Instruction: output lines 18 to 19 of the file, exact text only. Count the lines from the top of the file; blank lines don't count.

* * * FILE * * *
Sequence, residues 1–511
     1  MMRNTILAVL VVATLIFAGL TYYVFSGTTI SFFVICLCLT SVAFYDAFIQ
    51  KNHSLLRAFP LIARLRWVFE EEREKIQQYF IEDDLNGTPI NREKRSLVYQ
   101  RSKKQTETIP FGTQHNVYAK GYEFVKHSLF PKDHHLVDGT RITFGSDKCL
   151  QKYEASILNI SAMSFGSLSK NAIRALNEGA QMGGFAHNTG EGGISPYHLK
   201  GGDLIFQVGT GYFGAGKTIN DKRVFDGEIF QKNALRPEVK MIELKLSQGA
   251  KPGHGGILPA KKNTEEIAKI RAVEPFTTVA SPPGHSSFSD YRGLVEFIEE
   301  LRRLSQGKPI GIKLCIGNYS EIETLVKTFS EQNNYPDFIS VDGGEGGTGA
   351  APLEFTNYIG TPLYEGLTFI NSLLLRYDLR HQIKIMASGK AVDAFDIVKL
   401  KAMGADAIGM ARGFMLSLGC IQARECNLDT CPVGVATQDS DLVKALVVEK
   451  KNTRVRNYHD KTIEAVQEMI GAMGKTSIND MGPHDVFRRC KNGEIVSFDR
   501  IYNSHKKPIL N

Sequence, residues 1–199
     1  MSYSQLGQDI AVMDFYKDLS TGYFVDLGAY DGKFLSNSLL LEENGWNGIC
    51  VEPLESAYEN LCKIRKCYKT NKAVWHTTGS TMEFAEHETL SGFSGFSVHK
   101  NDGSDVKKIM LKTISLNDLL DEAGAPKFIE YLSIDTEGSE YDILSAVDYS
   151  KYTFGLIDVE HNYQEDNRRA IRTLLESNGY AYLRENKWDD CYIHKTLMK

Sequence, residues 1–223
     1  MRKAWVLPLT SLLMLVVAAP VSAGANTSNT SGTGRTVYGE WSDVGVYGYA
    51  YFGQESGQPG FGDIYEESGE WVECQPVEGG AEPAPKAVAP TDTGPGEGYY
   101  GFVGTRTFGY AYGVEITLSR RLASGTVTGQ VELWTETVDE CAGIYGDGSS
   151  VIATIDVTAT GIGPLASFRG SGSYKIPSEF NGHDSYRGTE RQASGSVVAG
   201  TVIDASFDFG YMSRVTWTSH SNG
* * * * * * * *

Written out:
Sequence, residues 1–223
     1  MRKAWVLPLT SLLMLVVAAP VSAGANTSNT SGTGRTVYGE WSDVGVYGYA